Timberlane to ‘Bag’ Snow Days
No more worries about making up snow days for the Timberlane staff. The state of New Hampshire has approved a TRSD plan to not make up weather days. Instead, students will complete ‘online assignments’ — assuming they have access to a computer and internet access. If not? More children left behind left further behind.
As a parent whose Timberlane student is supplementing his Timberlane program with online courses from the Virtual Learning Academy Charter School, I can assure you that there is a lot more to online learning than downloading a crossword puzzle from a server on the internet. Online programs are interactive. The kids and parents have video chats with the instructors. Parents are part of the process and ensure that the kids are fully engaged. The Timberlane program includes none of these…
- Students will be expected to complete assignments independently
- Teachers will be ‘available’ for four hours during each bag day
Sounds like five additional paid days off for the floundering TRSD staff. The FAQ (see hookey.pdf) states that 80% of staff and students must participate in this charade for the state to allow the bagging of the snow day. PLEASE do not allow your children to participate. By boycotting this sham, we will at least ensure that the kids are in school for five days.
I have a better idea: when it snows, do teacher development online. Let the kids stay home and have the teachers do their development online. Make up the snow day with the day previously allocated for development. Teachers should be able to work online at least as well as students, right?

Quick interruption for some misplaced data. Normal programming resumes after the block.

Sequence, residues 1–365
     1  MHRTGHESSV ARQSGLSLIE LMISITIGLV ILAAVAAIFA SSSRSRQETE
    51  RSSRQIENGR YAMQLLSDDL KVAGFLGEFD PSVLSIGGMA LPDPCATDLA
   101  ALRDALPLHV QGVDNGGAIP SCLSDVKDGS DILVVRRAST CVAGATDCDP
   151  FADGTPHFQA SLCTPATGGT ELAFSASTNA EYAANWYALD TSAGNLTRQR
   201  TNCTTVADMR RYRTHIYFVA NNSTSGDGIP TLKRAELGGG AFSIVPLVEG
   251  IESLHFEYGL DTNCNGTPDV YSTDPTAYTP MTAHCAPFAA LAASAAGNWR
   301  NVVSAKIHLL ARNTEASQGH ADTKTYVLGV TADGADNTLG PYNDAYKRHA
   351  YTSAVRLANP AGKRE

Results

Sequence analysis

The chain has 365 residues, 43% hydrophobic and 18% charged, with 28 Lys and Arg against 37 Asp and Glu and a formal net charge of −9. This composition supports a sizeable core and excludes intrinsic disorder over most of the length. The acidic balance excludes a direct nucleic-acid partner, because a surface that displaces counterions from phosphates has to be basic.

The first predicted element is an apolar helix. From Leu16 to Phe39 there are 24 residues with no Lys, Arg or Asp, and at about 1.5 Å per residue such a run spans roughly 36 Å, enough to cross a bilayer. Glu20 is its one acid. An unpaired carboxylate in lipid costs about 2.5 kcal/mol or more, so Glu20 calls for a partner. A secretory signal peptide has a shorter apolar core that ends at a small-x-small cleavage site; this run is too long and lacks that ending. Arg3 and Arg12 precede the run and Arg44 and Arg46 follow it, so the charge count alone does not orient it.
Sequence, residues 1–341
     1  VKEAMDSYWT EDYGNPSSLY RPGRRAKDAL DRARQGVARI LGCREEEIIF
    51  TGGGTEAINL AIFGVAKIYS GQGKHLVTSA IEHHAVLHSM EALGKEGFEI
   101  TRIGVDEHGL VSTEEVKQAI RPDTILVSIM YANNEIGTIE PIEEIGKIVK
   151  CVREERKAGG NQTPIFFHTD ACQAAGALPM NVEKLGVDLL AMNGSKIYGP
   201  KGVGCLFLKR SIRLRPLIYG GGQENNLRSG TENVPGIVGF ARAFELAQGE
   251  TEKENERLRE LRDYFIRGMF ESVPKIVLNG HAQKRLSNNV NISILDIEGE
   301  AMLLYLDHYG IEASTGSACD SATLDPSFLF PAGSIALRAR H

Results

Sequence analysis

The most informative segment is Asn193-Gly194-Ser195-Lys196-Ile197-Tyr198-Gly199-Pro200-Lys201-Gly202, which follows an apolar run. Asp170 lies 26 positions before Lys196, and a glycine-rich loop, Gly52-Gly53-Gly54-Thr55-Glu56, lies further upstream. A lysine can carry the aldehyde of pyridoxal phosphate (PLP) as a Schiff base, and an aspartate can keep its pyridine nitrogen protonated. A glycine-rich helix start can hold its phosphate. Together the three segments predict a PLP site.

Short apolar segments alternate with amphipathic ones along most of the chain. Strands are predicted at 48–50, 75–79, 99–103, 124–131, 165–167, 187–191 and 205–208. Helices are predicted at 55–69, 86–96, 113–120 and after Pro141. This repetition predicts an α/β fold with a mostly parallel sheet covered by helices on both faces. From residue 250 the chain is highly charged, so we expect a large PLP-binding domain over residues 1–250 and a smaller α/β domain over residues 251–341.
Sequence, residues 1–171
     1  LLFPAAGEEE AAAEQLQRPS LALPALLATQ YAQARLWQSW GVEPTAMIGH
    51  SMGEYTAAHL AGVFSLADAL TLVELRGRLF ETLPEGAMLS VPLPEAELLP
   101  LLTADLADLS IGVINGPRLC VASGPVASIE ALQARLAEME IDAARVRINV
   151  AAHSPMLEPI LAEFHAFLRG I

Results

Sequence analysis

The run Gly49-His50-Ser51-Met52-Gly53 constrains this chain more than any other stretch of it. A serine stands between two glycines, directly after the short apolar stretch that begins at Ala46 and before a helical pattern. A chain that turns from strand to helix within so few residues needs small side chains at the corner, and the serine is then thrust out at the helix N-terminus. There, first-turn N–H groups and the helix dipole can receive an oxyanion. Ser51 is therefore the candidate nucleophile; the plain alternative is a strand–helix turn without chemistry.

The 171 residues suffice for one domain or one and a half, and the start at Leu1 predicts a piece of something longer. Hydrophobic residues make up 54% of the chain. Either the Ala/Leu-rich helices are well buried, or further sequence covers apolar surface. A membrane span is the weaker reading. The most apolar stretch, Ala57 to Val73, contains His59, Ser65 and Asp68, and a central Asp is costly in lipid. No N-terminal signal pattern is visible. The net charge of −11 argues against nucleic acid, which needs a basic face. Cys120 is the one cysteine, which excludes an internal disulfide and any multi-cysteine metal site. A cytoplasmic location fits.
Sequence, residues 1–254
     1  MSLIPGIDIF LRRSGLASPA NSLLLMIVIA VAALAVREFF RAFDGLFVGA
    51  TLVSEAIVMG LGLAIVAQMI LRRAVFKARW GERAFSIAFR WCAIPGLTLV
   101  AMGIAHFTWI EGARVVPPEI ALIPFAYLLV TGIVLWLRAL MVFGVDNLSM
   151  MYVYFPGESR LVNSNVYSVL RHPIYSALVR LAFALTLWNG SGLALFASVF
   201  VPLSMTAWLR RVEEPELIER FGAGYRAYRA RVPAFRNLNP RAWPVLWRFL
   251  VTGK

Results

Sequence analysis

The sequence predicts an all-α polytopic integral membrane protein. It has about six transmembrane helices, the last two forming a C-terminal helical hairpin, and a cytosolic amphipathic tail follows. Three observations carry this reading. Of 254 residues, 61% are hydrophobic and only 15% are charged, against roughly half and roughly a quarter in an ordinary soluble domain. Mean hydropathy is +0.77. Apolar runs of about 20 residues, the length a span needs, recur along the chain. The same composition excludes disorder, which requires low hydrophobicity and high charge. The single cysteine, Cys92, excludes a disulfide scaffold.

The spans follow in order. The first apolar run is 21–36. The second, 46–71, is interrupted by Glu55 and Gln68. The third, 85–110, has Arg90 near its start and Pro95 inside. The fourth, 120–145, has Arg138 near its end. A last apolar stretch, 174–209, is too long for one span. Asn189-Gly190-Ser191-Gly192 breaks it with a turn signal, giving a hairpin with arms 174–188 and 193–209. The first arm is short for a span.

Of course this will not happen because teaching is not the priority at Timberlane.
This risky program should include safeguards and assurances for students, parents, and taxpayers…
- An accounting of how many hours per semester a student is in the classroom with his or her assigned instructor
- A complete preview and complete access to the online programs and assignments
- Real time access to a daily teaching plan
Teachers are out of the classroom a lot already. When a teacher leaves the classroom for a meeting or development or personal business, students are often left with uncertified substitutes and assistants. When the music department vacations in Florida, the less fortunate kids sit in study halls. At what point do we decide that the teachers do not make much of a difference? I know my kid’s science teacher did not attend enough classes to pass the class last year. Dr. Metzler does not feel parents and taxpayers are entitled to this information, “As far as internal issues concerning teachers discipline, improvement or support plans are not public.” It’s none of our business if teachers are in the classroom or what they are teaching. (School Board seals minutes of nonpublic session for 99 years)
I’ve asked to preview upcoming work over the preceding weekend. I have been told this is not possible because teaching plans are fluid. How can a teacher with no teaching plan for the upcoming week prepare a meaningful online program given less than a day’s notice? What if the teacher has no computer or internet access? I’d like to see if I think the contingency plan continues classroom learning and the only way I can do that is to be able to see the detailed plan for the days before and after a ‘bagged’ day and the online lesson that bridges from one to the other.
Here’s a mission statement for you Superintendent Metzler: Teach the Right Things Well 180 Days Each Year. Give it a try.
For the taxpayers and others who did not get the mailing, I have linked the documents below…